We already know that the anonymity promises of anonymous social networks are … questionable. If you make an account with a service, it has identifying information for you. When you use the app, it can track you. Companies like to claim that they won’t take advantage of their customer data. But you can see how it would be tempting to just take a quick peek. The Guardian is reporting that Whisper has caved to that temptation.
Whisper is a social network for anonymously posting secrets about anything. Its co-founder and CEO Michael Heyward has said that the service is the “safest place on internet.” But when the Guardian—which was considering partnering with Whisper on journalism projects—did some investigating, it made some weird discoveries. It reports that the company is tracking user movements, following certain users’ posts carefully if they claimed to work or live in particular places, sharing information with the Department of Defense when people using smartphones on military bases post about suicide and self-harm, and storing user data indefinitely, even when people delete their accounts.
Maybe. The Guardian reports that Whisper denied that it was doing anything wrong multiple times in comments before the article went live, saying that it “does not follow or track users” and that the suggestion that it tracks users is “not true” and “false.”
The Guardian also notes that a few days after it learned about the newspaper’s intent to publish, Whisper revised its terms of service and added language that explicitly allows the company to do broad tracking on users (specifically using tools like IP addresses according to the Guardian).
When the article went live, Whisper editor-in-chief Neetzan Zimmerman tweeted:
And three hours after the Guardian article was published, the company said in a statement that:
Whisper does not collect nor store any personally identifiable information from users and is anonymous. There is nothing in our geolocation data that can be tied to an individual user and a user’s anonymity is never compromised. Whisper does not follow or track users. The Guardian’s assumptions that Whisper is gathering information about users and violating user’s privacy are false.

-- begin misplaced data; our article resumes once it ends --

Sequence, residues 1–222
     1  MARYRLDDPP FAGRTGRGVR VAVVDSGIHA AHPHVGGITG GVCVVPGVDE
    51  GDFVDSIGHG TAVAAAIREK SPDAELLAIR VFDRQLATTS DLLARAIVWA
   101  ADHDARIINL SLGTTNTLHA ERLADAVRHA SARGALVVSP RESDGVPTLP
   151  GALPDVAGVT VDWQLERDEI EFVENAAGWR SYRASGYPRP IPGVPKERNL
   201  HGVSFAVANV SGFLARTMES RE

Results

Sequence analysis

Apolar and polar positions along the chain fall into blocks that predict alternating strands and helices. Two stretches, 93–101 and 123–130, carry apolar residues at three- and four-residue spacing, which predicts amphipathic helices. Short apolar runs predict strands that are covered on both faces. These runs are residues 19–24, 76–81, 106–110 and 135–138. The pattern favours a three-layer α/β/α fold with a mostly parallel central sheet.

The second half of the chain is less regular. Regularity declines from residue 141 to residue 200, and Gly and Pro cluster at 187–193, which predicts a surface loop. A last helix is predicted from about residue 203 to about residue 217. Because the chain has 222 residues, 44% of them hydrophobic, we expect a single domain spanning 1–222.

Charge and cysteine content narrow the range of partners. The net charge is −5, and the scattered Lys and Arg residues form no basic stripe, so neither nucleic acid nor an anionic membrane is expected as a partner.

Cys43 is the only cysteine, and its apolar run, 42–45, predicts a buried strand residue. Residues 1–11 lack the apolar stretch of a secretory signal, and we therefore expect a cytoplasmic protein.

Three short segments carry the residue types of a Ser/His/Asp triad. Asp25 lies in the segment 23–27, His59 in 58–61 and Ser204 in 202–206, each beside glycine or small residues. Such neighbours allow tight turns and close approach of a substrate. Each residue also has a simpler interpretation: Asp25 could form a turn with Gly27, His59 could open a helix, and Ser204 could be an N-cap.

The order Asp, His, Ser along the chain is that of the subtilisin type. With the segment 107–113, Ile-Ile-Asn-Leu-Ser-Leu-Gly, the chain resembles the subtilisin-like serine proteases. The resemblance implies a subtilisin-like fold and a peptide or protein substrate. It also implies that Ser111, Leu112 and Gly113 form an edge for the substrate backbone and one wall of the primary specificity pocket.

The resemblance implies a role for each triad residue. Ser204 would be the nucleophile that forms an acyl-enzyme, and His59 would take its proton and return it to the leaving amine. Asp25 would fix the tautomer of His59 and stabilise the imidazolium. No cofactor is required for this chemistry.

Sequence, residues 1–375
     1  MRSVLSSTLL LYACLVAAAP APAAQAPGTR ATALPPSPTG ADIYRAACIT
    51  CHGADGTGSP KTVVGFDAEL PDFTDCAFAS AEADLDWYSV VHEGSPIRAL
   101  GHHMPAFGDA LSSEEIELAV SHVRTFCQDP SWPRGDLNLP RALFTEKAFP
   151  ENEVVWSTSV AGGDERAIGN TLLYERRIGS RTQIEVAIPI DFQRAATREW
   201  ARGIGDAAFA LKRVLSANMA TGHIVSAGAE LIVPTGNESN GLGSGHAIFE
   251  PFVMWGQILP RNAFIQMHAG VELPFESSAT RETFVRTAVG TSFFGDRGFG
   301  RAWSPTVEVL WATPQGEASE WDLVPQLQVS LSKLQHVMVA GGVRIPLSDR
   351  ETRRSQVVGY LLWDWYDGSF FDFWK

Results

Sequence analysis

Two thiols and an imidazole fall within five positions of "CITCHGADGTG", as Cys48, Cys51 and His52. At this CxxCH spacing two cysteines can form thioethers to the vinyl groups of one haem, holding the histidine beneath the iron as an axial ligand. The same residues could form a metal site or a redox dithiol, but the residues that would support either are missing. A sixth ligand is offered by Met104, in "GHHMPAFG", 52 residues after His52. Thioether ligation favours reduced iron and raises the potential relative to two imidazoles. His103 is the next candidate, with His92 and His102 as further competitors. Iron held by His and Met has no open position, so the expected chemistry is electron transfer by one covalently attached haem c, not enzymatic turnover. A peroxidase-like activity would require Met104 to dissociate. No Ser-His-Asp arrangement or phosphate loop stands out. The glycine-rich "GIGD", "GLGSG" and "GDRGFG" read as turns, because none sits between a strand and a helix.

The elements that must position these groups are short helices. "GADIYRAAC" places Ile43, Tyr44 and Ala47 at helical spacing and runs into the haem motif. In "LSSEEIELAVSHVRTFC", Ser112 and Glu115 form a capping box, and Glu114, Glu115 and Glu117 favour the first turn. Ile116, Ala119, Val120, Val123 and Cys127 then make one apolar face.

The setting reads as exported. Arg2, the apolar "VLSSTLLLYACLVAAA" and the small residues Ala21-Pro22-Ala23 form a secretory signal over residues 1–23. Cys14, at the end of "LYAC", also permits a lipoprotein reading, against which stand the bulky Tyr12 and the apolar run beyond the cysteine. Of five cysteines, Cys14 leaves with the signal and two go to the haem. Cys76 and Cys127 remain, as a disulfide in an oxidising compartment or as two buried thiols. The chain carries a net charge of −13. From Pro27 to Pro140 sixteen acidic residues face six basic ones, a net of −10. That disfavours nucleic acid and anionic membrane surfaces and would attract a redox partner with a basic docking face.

On Twitter, Zimmerman continued to defend the service, noting a particular problem with the Guardian story: The article says that, “Whisper’s targeted monitoring of some people who use the app—even some of those who have declared they do not want to be followed by opting out of geolocation—is likely to surprise its users.” But Zimmerman explains that every Whisper user is opted out of geolocation tracking by default, and that in fact users are only tracked when they opt in to share their whereabouts. Furthermore, he says that even then their exact location is “fuzzed” within 500 meters. That’s a technical term.
The situation is odd. In its piece the newspaper noted, hilariously, that, “The Guardian is no longer pursuing a relationship with Whisper.” But Whisper’s response is also strange. The company knew that the article was coming, yet it took three hours after publication to respond. And when it did the response wasn’t particularly tailored to article. Zimmerman did publish Whisper’s original, detailed responses to the Guardian on Scribd.
Taking a step back, though, it was already public knowledge that Whisper does some user tracking and is considering targeted advertising. None of this is that surprising even if Whisper’s marketing to users was overly reassuring. As with the Snapchat leak last week, the main thing this incident highlights is how important it is to be skeptical of any and all privacy claims made by digital services.
Consumers have the right to be treated fairly and to receive the services they are promised in the way they are promised. So depending on what shakes out from all of this, it would be valid if you felt motivated to leave Whisper or cut way back on all the whispering you’ve been doing. But any claim of anonymity should immediately raise a red flag. If you create something, it is extremely difficult to completely sever its connection to you. This was true before the digital age, and it’s certainly true now on a secret-sharing app that’s mainly meant to provide entertainment.